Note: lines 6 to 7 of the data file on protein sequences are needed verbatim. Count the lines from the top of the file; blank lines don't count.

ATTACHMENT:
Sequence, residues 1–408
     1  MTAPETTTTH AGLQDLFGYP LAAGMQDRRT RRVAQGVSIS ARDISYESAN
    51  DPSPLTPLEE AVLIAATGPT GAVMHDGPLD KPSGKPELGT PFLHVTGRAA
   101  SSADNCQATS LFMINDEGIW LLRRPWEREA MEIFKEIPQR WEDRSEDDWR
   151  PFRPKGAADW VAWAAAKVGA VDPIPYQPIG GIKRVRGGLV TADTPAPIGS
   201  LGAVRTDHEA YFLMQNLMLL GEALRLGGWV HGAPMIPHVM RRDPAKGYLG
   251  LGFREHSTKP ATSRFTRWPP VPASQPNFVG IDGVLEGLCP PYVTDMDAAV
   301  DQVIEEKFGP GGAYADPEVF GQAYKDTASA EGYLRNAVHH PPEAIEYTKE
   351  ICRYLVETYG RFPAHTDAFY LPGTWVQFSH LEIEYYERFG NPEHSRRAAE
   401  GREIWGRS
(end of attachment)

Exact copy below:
   201  LGAVRTDHEA YFLMQNLMLL GEALRLGGWV HGAPMIPHVM RRDPAKGYLG
   251  LGFREHSTKP ATSRFTRWPP VPASQPNFVG IDGVLEGLCP PYVTDMDAAV